An Internet search tool that allows users to access textual information through a series of menus, or if using FTP, through downloads.
Graphical User Interface. A system that simplifies selecting computer commands by enabling the user to point to symbols or illustrations (called icons) on the computer screen with a mouse.
Software that allows networked individuals to form groups and collaborate on documents, programs, or databases.
A person with technical expertise who experiments with computer systems to determine how to develop additional features. Hackers are occasionally requested by system administrators to try and “break into” systems via a network to test security. The term hacker is sometimes incorrectly used interchangeably with cracker. A hacker is called a “white hat” and a cracker a “black hat.”
A paper printout of what you have prepared on the computer.
another name for the hard disc that stores information information in a computer.
The physical and mechanical components of a computer system, such as the electronic circuitry, chips, monitor, disks, disk drives, keyboard, modem, and printer.
The main page of a Web site used to greet visitors, provide information about the site, or to direct the viewer to other pages on the site.
Hypertext Markup Language. A standard of text markup conventions used for documents on the World Wide Web. Browsers interpret the codes to give the text structure and formatting (such as bold, blue, or italic).
Hypertext Transfer Protocol. A common system used to request and send HTML documents on the World Wide Web. It is the first portion of all URL addresses on the World Wide Web (e.g., http://www.whitehouse.gov).
Hypertext Transfer Protocol Secure. Often used in intracompany internet sites. Passwords are required to gain access.
Text or an image that is connected by hypertext coding to a different location. By selecting the text or image with a mouse, the computer “jumps to” (or displays) the linked text.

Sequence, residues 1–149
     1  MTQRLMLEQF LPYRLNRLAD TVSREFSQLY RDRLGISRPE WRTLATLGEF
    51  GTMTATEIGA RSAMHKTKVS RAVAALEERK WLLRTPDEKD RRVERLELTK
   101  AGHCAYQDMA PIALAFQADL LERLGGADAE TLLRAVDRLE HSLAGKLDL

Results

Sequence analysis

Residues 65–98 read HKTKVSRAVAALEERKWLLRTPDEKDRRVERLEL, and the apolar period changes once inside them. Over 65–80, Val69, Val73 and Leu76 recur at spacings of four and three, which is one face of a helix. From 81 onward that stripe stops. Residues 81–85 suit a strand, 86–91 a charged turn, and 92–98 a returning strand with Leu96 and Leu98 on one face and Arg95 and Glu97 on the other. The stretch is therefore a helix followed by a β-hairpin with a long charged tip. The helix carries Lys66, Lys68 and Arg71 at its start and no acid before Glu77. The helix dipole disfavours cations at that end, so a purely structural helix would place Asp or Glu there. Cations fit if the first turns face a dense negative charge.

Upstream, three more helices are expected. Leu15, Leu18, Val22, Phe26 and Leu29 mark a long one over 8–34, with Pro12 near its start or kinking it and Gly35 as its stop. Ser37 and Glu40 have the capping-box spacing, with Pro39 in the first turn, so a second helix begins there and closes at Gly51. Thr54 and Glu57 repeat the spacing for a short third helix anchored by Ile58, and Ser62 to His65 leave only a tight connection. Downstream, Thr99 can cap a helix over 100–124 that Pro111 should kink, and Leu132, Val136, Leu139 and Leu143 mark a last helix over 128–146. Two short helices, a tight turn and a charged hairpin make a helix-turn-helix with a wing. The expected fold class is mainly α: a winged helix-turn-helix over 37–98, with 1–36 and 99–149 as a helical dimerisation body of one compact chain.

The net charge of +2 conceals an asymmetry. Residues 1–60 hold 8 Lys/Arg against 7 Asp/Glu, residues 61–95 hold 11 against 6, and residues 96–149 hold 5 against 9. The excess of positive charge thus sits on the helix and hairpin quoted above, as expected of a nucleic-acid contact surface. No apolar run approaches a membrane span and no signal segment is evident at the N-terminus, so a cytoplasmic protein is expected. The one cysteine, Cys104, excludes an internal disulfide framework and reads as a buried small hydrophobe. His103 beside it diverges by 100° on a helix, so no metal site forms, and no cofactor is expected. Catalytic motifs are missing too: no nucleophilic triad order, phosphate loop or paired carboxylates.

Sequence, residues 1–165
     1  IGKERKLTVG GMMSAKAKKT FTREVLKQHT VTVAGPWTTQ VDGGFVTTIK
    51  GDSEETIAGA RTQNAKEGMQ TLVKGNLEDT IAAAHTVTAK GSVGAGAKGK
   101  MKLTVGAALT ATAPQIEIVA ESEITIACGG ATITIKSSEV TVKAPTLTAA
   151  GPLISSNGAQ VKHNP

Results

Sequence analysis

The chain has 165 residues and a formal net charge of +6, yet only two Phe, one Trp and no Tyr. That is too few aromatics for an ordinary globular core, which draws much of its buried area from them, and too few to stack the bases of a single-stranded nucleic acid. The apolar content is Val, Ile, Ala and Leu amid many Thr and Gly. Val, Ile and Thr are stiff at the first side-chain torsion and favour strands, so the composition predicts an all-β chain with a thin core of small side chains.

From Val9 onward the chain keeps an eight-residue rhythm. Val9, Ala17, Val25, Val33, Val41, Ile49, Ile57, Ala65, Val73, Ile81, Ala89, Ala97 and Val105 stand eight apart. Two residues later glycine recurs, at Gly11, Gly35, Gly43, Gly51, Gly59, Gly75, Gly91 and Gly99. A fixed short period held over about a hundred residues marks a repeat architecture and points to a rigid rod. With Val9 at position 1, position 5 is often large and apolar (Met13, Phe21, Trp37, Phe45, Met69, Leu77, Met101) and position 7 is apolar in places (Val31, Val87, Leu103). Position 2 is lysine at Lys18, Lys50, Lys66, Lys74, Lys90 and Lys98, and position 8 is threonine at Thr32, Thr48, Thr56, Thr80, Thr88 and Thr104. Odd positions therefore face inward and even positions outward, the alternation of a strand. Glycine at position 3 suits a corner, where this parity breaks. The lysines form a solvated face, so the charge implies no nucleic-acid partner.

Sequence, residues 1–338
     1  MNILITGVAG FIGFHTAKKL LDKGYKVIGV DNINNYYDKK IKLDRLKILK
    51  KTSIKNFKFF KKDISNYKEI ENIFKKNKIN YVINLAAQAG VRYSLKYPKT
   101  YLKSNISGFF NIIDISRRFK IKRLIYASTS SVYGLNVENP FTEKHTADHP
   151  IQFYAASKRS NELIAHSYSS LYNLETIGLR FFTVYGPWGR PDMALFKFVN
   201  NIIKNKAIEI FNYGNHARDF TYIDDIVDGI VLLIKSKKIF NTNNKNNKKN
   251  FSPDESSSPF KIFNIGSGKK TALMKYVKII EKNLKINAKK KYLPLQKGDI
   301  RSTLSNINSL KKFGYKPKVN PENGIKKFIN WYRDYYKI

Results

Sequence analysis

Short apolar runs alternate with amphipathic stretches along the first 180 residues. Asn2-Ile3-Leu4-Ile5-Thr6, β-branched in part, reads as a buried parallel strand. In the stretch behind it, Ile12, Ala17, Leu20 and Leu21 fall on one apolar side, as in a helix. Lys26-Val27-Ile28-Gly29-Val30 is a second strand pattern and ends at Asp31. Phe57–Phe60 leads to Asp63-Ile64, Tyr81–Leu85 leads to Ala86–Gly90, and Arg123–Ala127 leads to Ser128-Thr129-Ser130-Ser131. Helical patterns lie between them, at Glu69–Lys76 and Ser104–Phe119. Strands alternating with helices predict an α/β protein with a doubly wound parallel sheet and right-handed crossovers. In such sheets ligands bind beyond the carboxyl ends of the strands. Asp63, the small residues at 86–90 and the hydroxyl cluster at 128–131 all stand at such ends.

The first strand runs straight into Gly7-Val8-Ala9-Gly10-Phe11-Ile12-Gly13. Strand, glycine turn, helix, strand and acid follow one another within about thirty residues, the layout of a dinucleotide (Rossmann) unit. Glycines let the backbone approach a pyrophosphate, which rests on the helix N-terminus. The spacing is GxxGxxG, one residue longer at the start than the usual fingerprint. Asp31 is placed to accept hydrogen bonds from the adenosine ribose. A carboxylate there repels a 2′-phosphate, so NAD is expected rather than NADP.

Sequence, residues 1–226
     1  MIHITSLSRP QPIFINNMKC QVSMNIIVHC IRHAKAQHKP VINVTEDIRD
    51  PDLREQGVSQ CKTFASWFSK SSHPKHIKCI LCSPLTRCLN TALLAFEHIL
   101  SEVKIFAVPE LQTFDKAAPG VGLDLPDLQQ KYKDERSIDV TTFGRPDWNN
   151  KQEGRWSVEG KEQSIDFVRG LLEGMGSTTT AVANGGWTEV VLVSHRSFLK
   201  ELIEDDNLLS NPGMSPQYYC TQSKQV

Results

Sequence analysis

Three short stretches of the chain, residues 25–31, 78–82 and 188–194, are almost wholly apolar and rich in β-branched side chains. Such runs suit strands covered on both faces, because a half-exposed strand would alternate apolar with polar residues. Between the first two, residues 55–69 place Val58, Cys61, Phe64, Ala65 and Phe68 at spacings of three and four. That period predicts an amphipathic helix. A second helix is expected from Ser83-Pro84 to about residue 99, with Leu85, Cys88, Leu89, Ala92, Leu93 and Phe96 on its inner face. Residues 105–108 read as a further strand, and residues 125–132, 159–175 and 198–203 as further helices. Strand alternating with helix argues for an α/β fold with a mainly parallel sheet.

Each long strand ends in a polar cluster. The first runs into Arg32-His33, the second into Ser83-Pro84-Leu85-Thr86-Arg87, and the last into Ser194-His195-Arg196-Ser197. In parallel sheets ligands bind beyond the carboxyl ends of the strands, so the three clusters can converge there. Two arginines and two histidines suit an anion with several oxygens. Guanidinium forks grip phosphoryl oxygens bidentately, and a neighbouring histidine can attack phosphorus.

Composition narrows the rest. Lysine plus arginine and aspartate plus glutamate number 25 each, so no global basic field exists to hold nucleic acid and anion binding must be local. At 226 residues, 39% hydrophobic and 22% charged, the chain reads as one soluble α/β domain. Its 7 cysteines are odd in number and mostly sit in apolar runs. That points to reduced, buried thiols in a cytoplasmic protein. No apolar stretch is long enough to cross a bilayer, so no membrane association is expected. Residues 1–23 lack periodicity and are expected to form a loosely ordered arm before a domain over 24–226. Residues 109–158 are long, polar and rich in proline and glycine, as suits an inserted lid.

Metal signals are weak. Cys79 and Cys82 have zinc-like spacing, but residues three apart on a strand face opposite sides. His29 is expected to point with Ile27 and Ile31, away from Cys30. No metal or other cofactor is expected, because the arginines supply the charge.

Integrates audio, graphics, and/or video through links embedded in the main program.
A system for organizing text through links, as opposed to a menu-driven hierarchy such as Gopher. Most Web pages include hypertext links to other pages at that site, or to other sites on the World Wide Web.
Symbols or illustrations appearing on the computer screen that indicate program files or other computer functions.
Data that goes into a computer device.
A device, such as a keyboard, stylus and tablet, mouse, puck, or microphone, that allows input of information (letters, numbers, sound, video) to a computer.
instant messenging (IM)
A chatapplication that allows two or more people to communicate over the Internet via real-time keyed-in messages.
The interconnections that allow a device, a program, or a person to interact. Hardware interfaces are the cables that connect the device to its power source and to other devices. Software interfaces allow the program to communicate with other programs (such as the operating system), and user interfaces allow the user to communicate with the program (e.g., via mouse, menu commands, icons, voice commands, etc.).
An international conglomeration of interconnected computer networks. Begun in the late 1960s, it was developed in the 1970s to allow government and university researchers to share information. The Internet is not controlled by any single group or organization. Its original focus was research and communications, but it continues to expand, offering a wide array of resources for business and home users.
IP (Internet Protocol) address
An Internet Protocol address is a unique set of numbers used to locate another computer on a network. The format of an IP address is a 32-bit string of four numbers separated by periods. Each number can be from 0 to 255 (i.e., 188.8.131.526). Within a closed network IP addresses may be assigned at random, however, IP addresses of web servers must be registered to avoid duplicates.
Equal to 1,024 bytes.
An object-oriented programming language designed specifically for programs (particularly multimedia) to be used over the Internet. Java allows programmers to create small programs or applications (applets) to enhance Web sites.